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Afghan Forces Seen As Being Overwhelmed in Northern Frontline

An Afghan soldier stands guard on a roadside in the Chahardara district of Kunduz.
An Afghan soldier stands guard on a roadside in the Chahardara district of Kunduz.

KUNDUZ, Afghanistan -- A strategic northern Afghan province bordering Central Asia is seen as a being progressively dominated by insurgents in a vicious offensive.

Pessimistic residents and lawmakers see Kunduz poised to be overrun by the Taliban and allied Central Asian militants who already control most rural areas in the province, which is separated by the Amu Darya river from Tajikistan.

Lawmaker Amruddin Wali, the deputy head of Kunduz provincial council, says that nearly four months of incessant fighting in Kunduz deeply worries its residents about their future.

Wali says the government's response so far has failed in preventing the Taliban from capturing new territories and consolidating their rule over the regions they have overrun since March.

"The situation here is deteriorating everyday. It is possible that the insurgents will overrun the provincial capital [also called] Kunduz at will," he told Radio Free Afghanistan. "They have already destroyed much of the infrastructure in the rural areas and can obliterate the few remaining buildings and roads in this city."

He says that out of the seven districts in Kunduz, the government only controls five district centers and is still in charge of Kunduz, a dusty city of an estimated 150,000 residents.

Sudden Taliban advances in Kunduz this spring forced Kabul to rush additional troops to the region. In late April, Afghan forces fought pitched battles on the outskirts of Kunduz city for days to prevent the provincial capital being overrun.

In late June, the Taliban overran the Chardara and Dash-e Archi districts that surround Kunduz city. The Afghan forces later claimed to have recaptured Chardara, but their control hardly extends beyond a few buildings in the district center and some check posts along major roads.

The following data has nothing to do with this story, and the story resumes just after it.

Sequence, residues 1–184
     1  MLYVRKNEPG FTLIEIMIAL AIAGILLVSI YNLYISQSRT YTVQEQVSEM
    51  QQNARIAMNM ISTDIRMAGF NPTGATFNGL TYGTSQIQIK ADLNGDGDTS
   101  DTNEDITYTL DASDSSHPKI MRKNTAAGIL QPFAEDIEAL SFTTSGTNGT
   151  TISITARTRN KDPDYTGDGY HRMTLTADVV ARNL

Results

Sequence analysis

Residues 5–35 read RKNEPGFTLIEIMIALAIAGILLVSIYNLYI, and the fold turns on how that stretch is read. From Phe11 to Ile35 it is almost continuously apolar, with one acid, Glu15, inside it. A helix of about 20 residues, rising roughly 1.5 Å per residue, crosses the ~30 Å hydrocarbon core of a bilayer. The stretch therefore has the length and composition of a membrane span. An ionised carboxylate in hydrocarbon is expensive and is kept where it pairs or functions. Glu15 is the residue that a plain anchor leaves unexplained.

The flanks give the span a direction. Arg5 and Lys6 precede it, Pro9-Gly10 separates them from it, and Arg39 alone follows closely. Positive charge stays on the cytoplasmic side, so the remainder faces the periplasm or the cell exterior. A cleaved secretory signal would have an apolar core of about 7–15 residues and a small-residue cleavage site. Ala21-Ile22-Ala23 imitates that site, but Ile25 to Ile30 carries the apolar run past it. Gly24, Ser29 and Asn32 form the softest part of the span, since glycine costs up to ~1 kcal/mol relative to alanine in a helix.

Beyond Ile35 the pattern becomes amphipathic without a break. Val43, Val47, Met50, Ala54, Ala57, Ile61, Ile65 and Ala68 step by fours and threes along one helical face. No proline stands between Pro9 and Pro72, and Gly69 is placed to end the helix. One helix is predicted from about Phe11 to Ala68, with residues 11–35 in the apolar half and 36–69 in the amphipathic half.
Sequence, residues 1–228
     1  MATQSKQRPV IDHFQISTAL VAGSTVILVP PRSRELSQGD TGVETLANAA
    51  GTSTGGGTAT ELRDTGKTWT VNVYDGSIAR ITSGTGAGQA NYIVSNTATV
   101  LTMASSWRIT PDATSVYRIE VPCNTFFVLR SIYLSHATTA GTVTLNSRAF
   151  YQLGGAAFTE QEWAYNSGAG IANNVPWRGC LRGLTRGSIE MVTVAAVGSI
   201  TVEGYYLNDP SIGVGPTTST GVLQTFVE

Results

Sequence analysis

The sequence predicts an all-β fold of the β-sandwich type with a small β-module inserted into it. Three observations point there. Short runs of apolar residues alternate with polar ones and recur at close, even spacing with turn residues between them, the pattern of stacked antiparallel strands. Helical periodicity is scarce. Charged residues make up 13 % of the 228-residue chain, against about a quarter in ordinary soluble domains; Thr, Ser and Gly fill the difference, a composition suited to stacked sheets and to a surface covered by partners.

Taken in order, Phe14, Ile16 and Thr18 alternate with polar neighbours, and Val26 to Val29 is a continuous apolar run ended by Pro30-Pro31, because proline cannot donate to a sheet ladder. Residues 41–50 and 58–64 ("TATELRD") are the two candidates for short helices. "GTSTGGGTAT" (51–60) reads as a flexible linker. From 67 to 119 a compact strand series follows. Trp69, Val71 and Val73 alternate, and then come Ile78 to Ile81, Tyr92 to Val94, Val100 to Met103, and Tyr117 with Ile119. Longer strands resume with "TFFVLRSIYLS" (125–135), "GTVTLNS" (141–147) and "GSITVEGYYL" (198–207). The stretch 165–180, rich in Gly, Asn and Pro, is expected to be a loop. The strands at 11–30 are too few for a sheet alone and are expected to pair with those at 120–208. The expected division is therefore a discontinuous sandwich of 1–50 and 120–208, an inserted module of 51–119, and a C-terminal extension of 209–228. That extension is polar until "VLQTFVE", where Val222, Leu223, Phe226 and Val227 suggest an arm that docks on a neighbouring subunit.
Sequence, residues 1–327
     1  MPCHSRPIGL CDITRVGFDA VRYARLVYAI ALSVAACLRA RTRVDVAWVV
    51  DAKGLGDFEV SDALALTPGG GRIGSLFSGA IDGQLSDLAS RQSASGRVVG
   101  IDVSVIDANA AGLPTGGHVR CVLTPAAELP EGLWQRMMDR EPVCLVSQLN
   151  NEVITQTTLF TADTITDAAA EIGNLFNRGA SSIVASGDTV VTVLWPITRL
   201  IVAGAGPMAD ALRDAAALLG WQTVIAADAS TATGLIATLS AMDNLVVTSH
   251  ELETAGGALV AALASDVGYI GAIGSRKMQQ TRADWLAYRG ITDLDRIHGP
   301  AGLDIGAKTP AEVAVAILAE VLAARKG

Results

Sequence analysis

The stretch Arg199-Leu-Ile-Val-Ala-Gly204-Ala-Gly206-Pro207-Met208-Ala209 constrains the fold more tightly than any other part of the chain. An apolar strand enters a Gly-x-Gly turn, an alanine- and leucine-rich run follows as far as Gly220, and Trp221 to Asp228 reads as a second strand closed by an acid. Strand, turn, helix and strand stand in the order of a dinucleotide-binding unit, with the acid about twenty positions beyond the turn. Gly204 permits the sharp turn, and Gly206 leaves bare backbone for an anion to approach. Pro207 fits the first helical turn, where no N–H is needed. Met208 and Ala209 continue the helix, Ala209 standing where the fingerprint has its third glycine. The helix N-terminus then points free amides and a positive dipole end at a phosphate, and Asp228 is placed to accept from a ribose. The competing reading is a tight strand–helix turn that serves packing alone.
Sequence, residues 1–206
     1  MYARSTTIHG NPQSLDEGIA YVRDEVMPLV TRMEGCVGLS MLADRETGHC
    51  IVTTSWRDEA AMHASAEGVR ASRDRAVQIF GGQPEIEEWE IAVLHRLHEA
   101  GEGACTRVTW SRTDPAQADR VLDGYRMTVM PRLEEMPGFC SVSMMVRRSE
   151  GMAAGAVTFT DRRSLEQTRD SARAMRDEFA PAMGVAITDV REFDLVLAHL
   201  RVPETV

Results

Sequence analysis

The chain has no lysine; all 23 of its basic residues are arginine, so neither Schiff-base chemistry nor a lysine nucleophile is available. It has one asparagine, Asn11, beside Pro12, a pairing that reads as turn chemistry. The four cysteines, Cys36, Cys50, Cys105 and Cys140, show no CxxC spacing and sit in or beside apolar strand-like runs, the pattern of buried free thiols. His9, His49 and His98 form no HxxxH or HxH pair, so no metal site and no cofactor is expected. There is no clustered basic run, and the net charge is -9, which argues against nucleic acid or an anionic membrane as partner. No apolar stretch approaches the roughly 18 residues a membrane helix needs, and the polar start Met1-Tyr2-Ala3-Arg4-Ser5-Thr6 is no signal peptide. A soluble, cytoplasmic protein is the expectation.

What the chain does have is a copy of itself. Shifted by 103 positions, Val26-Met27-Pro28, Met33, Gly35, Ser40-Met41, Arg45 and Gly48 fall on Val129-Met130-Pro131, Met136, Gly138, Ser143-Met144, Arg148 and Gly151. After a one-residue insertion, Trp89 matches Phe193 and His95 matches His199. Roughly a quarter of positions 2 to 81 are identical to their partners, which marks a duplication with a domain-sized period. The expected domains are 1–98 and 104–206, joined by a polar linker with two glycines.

Observers say the rapid Taliban advances were made possible by their tactical alliance with Central Asian fighters. Thousands of fighters loyal to the Islamic Movement of Uzbekistan -- and its splinter groups the Islamic Jihad Union and Jundallah -- have swarmed Afghanistan's northern provinces in an effort to return to their home countries across the border after. A Pakistani offensive last year pushed them into Afghanistan.

Wali says the insurgent ranks are constantly swelling as they are joined by new fighters and are engaged in a somewhat successful propaganda campaign to attract the local youth to their ranks. In addition, the Taliban have imposed extortion on Kunduz farmers to replenish their war chest. "The Taliban are all set to launch a big offensive," he said.

Lawmaker Ghulam Rabbani agrees. He sees a major Taliban push to capture the provincial capital. "I can see the possibility that the Taliban will emerge more powerful after the end of the ongoing summer harvest and will capture the provincial capital," he told Radio Free Afghanistan.

Kunduz civilians have paid a high price for the ongoing insecurity. Humanitarian organizations estimate the fighting has displaced more than 20,000 families in Kunduz. Civilians, mostly farmers, still living in the rural areas are being oppressed both by the Taliban and pro-government militias propped by local strongmen and Kabul to bolster government forces.

Ghuffran Arman, a resident of Kunduz city, says hearing constant small and heavy weapon fire worries him deeply. "Sometimes it seems shots are being fired inside the city and the government’s control is crumbling," he told Radio Free Afghanistan.

But Kunduz police chief Zmaray Paikan is adamant Afghan forces will ultimately prevail.

"The true face of our enemies is being exposed every day. Their ugly acts against the people of Afghanistan prove that they only work for foreign powers," he told Radio Free Afghanistan. "The Afghan security forces are committed to defending all Afghans."

Kunduz residents, however, are not optimistic. Najibullah Hashmi, 50, says that in reality the government control is crumbling fast.

"We have lost our homes and our crops, and the government should be ashamed of this," he said.

Written by Abubakar Siddique, based on reporting by Radio Free Afghanistan correspondent Ajmal Aryan in Kunduz.